At 19, a married 42-year-old man with children slipped me a hotel-room key.
At 21, a married 35-year-old man told me that my dress looked good, but would look even better on the floor.
At 25, another man repeatedly told me how much fun it would be if we would just hook up.
I was pre-conditioned to believe that in some way I asked for this. By speaking, standing or wearing something nice.
What none of these men were aware of was that although I loved to wear clothing that made me feel comfortable and confident about myself, I did not have the mental, emotional and physical capacity to engage in the random, lustful workplace flings they suggested. This was not something I ever thought I'd have to explain to anyone at 8:30 in the morning, particularly at the office.
What I wanted was to build a career.
Being social with everyone came naturally to me.
To me, this did not suggest being open to sexual encounters. And neither did anything I wore.
I see a confident woman
How did I see myself in my early 20s?
What I saw was an asset to her company. I had passion, talent and knowledge, had a unique perspective on problem-solving and an incredible desire to achieve. This was what I thought about every day when I went to work. Only this. Those who knew me well also knew my commitment.
Did I ever view myself as the "office vixen?" Never.
I saw a confident woman that felt as assured about her physical appearance as she did her intellect.
Were there days when the clothes I wore were more fitted? Absolutely, and I felt great.
Were there days that I wore lace-trimmed garments? Absolutely, in a tasteful and professional manner.
Have I ever worn a shorter skirt? Absolutely. But only in the fall and winter, paired with tights and knee-high boots.
And if I ever wore a sleeveless top to the workplace, it was always paired with a cardigan. To this day, at 38, this remains unchanged.
It took me 20 years to accept my body, after loathing it, fighting it and hiding it. Now, when I looked in the mirror every morning, I saw a confident woman that felt as assured about her physical appearance as she did her intellect. I saw a woman who would be more productive in meetings because she didn't fear being ridiculed for not looking good. Having confidence in both my mind and body helped be a more active participant. I didn't shy away anymore.
The problem, for me, wasn't how I dressed at work. It was what I didn't say.
I laughed off the sexualized comments, the business cards passed my way in case I wanted to have "some fun." I was scared of putting my career at risk so I would feel pressured to tactfully and respectfully shrug off advances from my male co-workers. That's right: I felt the need to be respectful in rejecting them to ensure there would be no impact to my job.
What happened when I finally spoke up?
When I was 26, married for a few years now, a gentleman made a comment that wasn't particularly tasteful. I went to his superior, who I deemed a friend. I hoped that someone would talk to this individual about appropriate conduct in the workplace. I wasn't seeking an apology or reprimand. But what I didn't expect to happen was to be made aliability.
What happened next was that the gentleman ceased to speak to me, whether in passing or for business. I often found myself separated from the rest of the team. I was reprimanded for wearing outfits like the one near the top of this blog. (I was told the eye shadow was too blue. Yes, too blue.)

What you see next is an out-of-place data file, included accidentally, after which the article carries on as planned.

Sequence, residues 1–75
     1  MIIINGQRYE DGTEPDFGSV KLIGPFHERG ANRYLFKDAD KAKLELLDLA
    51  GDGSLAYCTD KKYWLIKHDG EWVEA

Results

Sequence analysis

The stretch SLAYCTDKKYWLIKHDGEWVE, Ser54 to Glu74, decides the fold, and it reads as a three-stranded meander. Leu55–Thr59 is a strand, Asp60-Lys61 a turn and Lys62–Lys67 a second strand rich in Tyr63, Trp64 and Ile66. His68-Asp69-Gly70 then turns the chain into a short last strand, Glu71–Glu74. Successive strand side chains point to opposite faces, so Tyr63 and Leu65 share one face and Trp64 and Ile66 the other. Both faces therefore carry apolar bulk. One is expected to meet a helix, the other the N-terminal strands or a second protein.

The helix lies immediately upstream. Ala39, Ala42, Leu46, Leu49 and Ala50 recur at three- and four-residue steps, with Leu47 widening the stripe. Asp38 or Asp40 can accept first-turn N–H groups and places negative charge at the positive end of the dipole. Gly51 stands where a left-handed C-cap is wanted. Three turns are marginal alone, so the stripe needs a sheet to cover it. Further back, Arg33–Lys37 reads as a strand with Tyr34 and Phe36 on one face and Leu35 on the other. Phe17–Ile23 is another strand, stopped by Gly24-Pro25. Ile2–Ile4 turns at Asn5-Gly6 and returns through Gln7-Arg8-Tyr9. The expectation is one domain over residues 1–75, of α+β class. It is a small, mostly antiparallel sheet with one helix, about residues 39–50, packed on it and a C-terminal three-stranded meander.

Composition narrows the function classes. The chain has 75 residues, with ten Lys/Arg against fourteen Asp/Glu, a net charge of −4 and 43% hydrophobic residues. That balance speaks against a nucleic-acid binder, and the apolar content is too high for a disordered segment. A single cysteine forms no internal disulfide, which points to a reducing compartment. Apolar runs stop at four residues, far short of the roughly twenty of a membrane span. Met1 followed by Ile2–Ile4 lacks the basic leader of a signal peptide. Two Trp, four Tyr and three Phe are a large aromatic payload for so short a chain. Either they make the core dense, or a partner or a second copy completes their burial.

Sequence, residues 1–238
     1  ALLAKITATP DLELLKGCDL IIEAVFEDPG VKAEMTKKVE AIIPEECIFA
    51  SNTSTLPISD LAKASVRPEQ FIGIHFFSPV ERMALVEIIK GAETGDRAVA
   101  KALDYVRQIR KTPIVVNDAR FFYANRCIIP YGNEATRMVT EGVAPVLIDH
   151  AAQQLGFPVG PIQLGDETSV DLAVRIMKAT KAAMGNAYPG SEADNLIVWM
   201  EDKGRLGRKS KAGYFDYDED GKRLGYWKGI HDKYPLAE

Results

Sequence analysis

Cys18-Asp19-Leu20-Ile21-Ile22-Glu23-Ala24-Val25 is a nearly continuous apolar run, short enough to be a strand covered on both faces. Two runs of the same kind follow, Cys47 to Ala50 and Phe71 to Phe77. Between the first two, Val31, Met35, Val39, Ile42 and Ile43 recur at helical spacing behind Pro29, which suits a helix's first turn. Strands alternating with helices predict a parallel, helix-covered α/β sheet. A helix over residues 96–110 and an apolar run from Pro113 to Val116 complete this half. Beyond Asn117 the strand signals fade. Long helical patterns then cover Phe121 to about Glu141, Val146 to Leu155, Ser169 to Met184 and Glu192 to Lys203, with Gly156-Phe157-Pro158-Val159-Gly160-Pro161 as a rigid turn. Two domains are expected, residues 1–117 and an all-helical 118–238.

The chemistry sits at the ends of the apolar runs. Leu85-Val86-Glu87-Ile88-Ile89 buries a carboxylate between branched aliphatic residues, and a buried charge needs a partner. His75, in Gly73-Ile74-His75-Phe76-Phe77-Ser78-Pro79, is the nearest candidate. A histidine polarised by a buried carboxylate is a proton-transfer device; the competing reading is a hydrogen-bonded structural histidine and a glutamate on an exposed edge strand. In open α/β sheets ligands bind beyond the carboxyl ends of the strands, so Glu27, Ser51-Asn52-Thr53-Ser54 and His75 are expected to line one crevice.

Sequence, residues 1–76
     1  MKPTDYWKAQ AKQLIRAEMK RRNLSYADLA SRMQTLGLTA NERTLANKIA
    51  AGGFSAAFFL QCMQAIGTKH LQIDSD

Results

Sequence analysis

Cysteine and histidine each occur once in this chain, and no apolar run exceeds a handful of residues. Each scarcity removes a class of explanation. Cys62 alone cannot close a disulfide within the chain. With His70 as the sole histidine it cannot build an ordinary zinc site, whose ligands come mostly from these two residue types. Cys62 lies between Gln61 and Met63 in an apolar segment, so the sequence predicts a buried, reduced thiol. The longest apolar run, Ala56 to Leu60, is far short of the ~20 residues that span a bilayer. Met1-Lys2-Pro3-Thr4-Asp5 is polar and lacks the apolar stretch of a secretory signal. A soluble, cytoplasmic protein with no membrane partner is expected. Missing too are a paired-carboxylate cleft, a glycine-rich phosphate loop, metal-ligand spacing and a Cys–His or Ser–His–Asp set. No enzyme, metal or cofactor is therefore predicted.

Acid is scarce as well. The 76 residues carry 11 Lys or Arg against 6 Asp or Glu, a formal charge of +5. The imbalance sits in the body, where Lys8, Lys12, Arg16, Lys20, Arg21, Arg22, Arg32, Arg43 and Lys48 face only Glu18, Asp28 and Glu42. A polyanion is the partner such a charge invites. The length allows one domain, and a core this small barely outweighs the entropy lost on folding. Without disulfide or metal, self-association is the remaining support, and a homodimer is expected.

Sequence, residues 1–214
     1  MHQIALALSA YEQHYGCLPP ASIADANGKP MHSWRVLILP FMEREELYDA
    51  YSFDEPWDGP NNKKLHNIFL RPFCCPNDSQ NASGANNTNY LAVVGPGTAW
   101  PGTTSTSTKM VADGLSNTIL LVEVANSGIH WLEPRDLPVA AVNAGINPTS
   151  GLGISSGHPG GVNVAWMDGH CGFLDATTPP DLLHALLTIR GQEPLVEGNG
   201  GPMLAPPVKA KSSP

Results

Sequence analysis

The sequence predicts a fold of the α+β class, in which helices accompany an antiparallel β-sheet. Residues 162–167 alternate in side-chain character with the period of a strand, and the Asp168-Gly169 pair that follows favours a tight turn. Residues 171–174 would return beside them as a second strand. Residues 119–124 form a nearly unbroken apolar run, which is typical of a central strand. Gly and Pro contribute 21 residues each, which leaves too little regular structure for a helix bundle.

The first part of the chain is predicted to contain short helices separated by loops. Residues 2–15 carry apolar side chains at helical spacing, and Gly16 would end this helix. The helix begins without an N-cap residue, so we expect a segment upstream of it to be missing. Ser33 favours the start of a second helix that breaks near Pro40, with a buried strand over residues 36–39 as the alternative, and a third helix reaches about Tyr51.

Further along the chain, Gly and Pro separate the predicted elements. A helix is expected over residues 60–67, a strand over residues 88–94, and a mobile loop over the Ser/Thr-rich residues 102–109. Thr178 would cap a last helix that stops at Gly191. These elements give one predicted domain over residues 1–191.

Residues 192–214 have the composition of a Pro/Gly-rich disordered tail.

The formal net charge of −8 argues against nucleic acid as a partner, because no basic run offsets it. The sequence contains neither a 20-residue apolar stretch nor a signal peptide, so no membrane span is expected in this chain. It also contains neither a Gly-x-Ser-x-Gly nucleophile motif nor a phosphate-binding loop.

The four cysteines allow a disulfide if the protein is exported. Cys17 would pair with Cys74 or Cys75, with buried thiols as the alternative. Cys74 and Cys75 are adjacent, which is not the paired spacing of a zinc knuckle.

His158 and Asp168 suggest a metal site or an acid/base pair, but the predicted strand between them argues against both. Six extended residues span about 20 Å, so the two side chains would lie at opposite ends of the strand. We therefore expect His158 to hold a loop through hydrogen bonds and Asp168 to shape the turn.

We have to understand clearly that this isn't a conversation about fashion or clothing.
Men wear tight-fitting pants that leave little to the imagination. They wear fitted shirts showing the curvature of their bodies. They wear plunging V-necks displaying their chiseled chests. Do they do this because they're askingfor your unwanted sexual attention, or because they feel confident in the way they look? Women should be able to feel confident in the same way without fear of being harassed, labelled or ostracized.
When women are subject to this double standard, we must be able to feel like we can speak up about it without risk, fear or labelling of any sort.
My hope for young women emerging now in the workplace, and those that will follow, is that you feel strong enough, supported enough and free enough to be able to say "Stop!"
That the career goals and ambitions that mean most to you never feel at risk because of the actions of others.
What this is a conversation about is the importance of clear, direct and open two-way conversation without risk of reprimand.
- We do not take without asking, that is stealing.
- We do not strike another human, that is violence.
- We do not infringe on anyone's safety or freedom, that is inhumane.
- We do not punish without merit out of fear, that is injustice.
As women in the workplace today, we are breaking down many barriers and putting the blocks in place to truly live our lives freely and without fear of consequence, in the workplace, in our wants and desires, in any way that we can imagine.
If I could go back in time, I would tell anyone who feels compromised or subjected to a similar double standard to be open and honest with their manager, to set up a proper meeting with the appropriate individuals involved, and not stay quiet or laugh it off. If the response you receive isn't suitable and doesn't lead to a healthier and more equal working environment, speak to the next supervisor.
More from HuffPost Canada:
I envision we work towards creating environments where our careers are free to flourish without having to think about what we wear, what we look like, or the perceptions of others. I envision the opportunity to create successful careers that are built on the merit of our work and ethics and that we never feel the need to defend our clothing to achieve this success.
They say clothes do not make the man. They've never made a woman, either.
Also on HuffPost: